The Committee expounds on the child rights approach in its General Comment No. 21, stating that ‘the process of realising children’s rights is as important as the end result. A child rights approach ensures respect for the dignity, life, survival, well-being, health, development, participation and non-discrimination of the child as a rights holder’ (General Comment No. 21, para. 10): it draws on ‘child rights standards and principles from the Convention and other international human rights instruments to guide behaviour, actions, policies and programmes’ with the aim of building ‘the capacity of children as rights holders to claim their rights and the capacity of duty bearers to fulfil their obligations to children’ (General Comment No. 21, para. 11(b), 11(c)).

Thus, the Committee’s use of “evolving capacities” in the policy context suggests a role and function for the term that extends beyond the scope of parental guidance and direction under article 5 and article 14(2), introducing a framework to guide States in their programming on children’s rights.

3.4 A Principle of Evolving Capacities under the uncrc

Studying the crc General Comments, it would appear that the Committee’s use of “evolving capacities” has stretched the term well beyond the framework of parental guidance where it was first conceived of under articles 5 and 14(2). In so doing, it would appear that the Committee has introduced a broader principle of evolving capacities under the uncrc that not only informs the framework of parental direction and guidance but the interpretation and implementation of the Convention as a whole.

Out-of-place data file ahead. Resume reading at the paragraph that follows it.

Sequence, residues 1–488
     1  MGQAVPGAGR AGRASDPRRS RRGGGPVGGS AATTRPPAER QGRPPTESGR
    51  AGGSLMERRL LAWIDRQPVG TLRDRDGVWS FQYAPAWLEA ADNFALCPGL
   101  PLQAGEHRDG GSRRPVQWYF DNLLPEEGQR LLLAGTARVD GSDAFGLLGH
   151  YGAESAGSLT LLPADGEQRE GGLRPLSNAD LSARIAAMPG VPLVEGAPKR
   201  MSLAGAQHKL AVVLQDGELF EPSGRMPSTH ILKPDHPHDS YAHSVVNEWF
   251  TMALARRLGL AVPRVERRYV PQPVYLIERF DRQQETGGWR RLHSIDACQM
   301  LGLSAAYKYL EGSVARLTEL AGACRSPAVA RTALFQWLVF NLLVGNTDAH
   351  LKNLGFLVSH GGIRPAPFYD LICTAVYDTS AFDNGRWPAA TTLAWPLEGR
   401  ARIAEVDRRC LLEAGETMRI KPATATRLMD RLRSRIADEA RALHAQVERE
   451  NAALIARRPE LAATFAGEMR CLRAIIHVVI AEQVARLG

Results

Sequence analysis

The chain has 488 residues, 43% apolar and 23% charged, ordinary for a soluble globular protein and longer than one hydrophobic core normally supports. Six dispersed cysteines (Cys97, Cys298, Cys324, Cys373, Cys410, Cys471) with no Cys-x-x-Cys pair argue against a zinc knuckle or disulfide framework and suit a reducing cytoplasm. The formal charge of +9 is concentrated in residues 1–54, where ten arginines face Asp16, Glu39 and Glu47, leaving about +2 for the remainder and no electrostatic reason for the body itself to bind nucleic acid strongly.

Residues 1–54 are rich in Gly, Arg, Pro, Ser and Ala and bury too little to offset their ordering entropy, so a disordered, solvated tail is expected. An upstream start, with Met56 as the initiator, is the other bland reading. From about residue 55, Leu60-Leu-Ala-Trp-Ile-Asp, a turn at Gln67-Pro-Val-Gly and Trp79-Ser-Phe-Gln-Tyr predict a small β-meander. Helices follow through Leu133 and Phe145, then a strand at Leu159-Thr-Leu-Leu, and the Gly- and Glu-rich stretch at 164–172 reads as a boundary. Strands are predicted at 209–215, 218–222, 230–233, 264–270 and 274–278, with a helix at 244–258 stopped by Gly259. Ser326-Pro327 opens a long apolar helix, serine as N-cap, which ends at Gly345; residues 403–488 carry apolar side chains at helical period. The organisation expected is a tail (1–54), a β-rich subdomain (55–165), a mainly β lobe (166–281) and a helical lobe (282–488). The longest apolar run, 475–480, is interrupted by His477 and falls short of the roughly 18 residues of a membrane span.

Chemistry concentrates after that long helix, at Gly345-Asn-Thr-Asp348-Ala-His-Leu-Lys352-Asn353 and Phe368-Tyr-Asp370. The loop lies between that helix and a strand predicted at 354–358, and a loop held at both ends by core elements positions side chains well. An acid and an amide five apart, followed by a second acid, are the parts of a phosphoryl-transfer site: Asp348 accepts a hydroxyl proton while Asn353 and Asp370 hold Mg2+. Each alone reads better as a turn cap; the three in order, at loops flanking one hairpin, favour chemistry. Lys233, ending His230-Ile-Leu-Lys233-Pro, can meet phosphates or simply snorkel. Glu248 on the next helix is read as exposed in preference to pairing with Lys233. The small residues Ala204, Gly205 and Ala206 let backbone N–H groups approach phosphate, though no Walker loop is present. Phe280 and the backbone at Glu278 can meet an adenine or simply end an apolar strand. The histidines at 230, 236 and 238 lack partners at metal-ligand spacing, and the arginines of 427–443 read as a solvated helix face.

As an enabling principle, “evolving capacities” acknowledges the processes of maturation and learning that all children undergo, recognising that as a child grows, develops and matures, he or she becomes entitled to increasing levels of agency and responsibility over the exercise of rights (General Comment No. 7, para. 17; General Comment No. 20). The Committee’s use of “evolving capacities” as an enabling principle serves four functions: (1) it affirms that all children, even very young children are rights-holders under the uncrc; (2) it recognizes the role of children’s agency in decision-making; (3) it introduces an obligation on States to engage children in the promotion and protection of their rights, in so far as their evolving capacities permit; (4) it crystalizes the role of parents and legal guardians as duty-bearers to their children in the child’s exercise of their rights under the uncrc. In short, it changes how children are perceived, enabled and empowered in the exercise and enjoyment of their rights under international law.

As an interpretative principle, “evolving capacities” introduces a framework in which provisions of the Convention are interpreted in a manner that supports the child’s exercise of rights in line with their evolving capacities. It also introduces an obligation on States, alongside parents and guardians, to take measures to support children in the exercise of their rights as their capacities develop, creating environments adapted to their evolving capacities, and ensuring they are provided with the resources and information needed to exercise their rights in institutional settings.

As a policy principle, “evolving capacities” unshackles States from traditional policy-making frameworks, in which children are presumed to lack capacity until they cross a specific age-barrier or reach a prescribed age of adulthood. It debunks the notion that children must reach a requisite threshold of capacity to be able to exercise their rights; and it recognises that as children grow and develop, they need to be progressively enabled and empowered in the exercise of their rights. It challenges perceptions of capacity as a binary concept, replacing it with a framework that views it as dynamic and fluid process, recognising the ‘wide range of qualities – moral, social, cognitive, physical and emotional’ – that encompass capacity (Lansdown, 2005: 23). It further recognises that ‘children, like adults, will not acquire a consistent and overall level of capacity across all fields’ according to a fixed and uniform process and ‘expressions of competence will vary according to the nature of the tasks involved, their personal experiences, expectations placed on them, social context and individual abilities’ (Lansdown, 2005: 23).